Goodness, David. I can’t get involved in this conversation during Lent – too much to get done! Just briefly, I do not in the least deny that we are to exercise personal judgment; I do deny that the Scriptures are anything less than the active and living Word of God which itself decides truth – acts as arbiter as St. Gregory put it. But more later.

  5. William Weedon

    One more brief point before heading out the door:

    Not:

    Me, Me, Me

    Rather:

    The Word. The Word. The Word.

    How did St. Augustine put it? What counts in the Church is not “I say this” “you say that” or “some other says something” but “Thus says the Lord.”

  6. orrologion

    Of course, this begs the question as to whether we are substituting our own saying for the Lord’s – whether accidentally, unconsciously or on purpose. (I assume the former rather than the last in the vast majority of cases).

    The way we check ourselves and our fallen intellect is by comparing our understanding to the Church’s, to eminent Fathers and to the lex orandi of the Church – and all this in broad consensus. For instance, it is no good pointing to St. Cyril of Alexandria’s earlier writings for orthodox, catholic Christology while ignoring his later more irenic writings as well as the witness of the Leo the Great who agreed and gave voice to the doctrine of the Universal Church. It is likewise dangerous to be found overly ro solely reliant on the preferred teaching of a specific person, school of thought, region, etc. If one is actually to be found contra mundi, it is far more likely one is an Arius or Nestorius rather than an Athanasius or Maximus. Lack of a broad majority, lack of continuity, lack of support from the apostolic and ancient sees (plural), etc. is a sure sign one has mistaken “Me, Me, Me” for “The Word. The Word. The Word.”, unfortunately.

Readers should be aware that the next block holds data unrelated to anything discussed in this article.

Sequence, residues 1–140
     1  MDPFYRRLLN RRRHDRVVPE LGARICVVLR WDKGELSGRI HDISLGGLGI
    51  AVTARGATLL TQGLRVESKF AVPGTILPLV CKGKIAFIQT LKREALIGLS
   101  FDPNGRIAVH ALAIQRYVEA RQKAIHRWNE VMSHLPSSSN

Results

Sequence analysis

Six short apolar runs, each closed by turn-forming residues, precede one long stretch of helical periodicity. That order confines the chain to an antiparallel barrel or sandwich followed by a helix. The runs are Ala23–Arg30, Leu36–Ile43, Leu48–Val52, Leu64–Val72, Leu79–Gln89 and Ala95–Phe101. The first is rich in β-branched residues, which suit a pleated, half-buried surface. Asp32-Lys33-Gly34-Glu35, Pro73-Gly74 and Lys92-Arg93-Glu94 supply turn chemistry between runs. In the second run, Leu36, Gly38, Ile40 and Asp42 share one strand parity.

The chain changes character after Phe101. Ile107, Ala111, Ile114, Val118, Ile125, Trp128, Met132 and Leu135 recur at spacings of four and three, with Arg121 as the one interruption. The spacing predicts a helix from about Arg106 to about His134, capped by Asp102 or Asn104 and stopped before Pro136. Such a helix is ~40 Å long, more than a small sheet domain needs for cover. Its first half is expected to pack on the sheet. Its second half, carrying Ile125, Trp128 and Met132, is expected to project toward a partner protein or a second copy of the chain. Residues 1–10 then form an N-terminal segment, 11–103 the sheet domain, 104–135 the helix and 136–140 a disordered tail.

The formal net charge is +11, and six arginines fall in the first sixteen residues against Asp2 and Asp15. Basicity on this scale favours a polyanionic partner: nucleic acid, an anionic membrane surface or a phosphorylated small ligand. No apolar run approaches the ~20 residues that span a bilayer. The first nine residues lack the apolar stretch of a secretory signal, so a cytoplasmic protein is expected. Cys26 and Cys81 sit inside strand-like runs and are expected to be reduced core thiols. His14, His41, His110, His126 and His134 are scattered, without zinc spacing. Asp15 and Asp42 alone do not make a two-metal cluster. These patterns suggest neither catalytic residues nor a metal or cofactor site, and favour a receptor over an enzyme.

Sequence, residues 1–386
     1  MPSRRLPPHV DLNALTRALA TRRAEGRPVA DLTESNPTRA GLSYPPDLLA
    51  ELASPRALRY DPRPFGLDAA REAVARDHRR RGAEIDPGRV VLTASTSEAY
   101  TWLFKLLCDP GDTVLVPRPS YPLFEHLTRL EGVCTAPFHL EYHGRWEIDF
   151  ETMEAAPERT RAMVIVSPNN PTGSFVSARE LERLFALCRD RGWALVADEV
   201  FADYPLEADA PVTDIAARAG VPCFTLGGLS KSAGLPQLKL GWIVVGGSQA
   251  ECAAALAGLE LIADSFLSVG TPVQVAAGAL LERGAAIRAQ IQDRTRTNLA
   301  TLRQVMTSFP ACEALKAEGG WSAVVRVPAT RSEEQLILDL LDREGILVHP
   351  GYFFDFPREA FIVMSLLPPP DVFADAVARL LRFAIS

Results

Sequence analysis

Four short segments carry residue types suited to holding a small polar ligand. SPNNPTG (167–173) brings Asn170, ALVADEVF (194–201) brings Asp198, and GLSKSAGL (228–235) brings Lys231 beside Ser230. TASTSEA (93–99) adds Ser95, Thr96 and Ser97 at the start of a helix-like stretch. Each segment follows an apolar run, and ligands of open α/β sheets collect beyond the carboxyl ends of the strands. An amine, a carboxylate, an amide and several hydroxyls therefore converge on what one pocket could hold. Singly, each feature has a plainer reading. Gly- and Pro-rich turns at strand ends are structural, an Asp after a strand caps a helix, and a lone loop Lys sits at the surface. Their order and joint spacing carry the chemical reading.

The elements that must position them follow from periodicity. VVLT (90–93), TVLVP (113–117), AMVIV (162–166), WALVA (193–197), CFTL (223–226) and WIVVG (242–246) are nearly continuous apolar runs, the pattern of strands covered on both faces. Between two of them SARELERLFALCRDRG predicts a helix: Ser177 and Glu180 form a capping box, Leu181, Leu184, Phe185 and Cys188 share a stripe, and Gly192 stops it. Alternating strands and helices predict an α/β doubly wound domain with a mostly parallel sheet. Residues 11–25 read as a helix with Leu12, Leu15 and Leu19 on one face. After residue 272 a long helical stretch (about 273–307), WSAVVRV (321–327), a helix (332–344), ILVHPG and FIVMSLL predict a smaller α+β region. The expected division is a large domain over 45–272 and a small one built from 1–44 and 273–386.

7. Past Elder

    Ah, just what I was waiting for, almost right on cue!

    The Orthodox Church, the Orthodox church, the Orthodox church!!

    A VERY broad consensus indeed, since these ancient sees, or rather churches in our time that claim to be these ancient sees, do not agree on what exactly that broad consensus contains, who’s got it and who doesn’t, etc, and in the end one again makes one’s decision on one’s own “authority”.

  8. William Weedon

    Christopher,

    Terry’s point is worth considering. The Orthodox, as the Roman Catholics, and the Lutherans all appeal to a consensus of the Fathers, and yet we all know that every one of those groups reads these fathers through different lenses, filtering them.

    What Orthodoxy and Rome seem to share in common is the conviction that the Word of God, the enscriptured Word, is incapable of being judge, arbiter of truth. That it is something that someone WIELDS to determine truth. But the Lutheran approach is fundamentally different and confesses that since the Word is God speaking, the stance of faith is to bow before what is said, confess it, believe it and hold to it and not allow anything to contradict, minimize or overthrow this speaking of God by which He rules in His Church.